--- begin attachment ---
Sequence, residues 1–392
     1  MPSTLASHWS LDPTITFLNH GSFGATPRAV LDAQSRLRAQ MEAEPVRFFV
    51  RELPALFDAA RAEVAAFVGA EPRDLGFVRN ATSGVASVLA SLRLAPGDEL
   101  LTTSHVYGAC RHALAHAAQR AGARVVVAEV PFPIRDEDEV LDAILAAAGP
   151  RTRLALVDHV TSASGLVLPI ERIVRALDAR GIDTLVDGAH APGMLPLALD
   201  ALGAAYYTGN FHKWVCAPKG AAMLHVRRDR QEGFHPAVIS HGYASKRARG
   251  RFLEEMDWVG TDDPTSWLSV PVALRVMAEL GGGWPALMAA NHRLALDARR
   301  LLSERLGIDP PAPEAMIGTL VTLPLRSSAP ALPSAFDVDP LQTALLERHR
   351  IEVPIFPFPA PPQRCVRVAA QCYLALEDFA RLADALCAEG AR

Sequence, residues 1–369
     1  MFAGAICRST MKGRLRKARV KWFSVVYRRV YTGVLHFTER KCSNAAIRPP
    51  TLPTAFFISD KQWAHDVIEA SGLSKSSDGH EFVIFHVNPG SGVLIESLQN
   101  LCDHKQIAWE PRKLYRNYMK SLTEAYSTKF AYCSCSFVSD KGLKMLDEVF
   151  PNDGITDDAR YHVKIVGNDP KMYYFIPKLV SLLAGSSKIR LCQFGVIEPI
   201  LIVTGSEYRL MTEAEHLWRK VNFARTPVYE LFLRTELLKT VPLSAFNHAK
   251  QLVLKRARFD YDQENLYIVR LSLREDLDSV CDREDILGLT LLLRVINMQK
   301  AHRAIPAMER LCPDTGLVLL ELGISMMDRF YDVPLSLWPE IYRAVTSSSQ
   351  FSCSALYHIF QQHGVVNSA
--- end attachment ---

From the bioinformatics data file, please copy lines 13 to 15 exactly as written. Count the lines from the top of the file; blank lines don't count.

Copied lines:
   101  LCDHKQIAWE PRKLYRNYMK SLTEAYSTKF AYCSCSFVSD KGLKMLDEVF
   151  PNDGITDDAR YHVKIVGNDP KMYYFIPKLV SLLAGSSKIR LCQFGVIEPI
   201  LIVTGSEYRL MTEAEHLWRK VNFARTPVYE LFLRTELLKT VPLSAFNHAK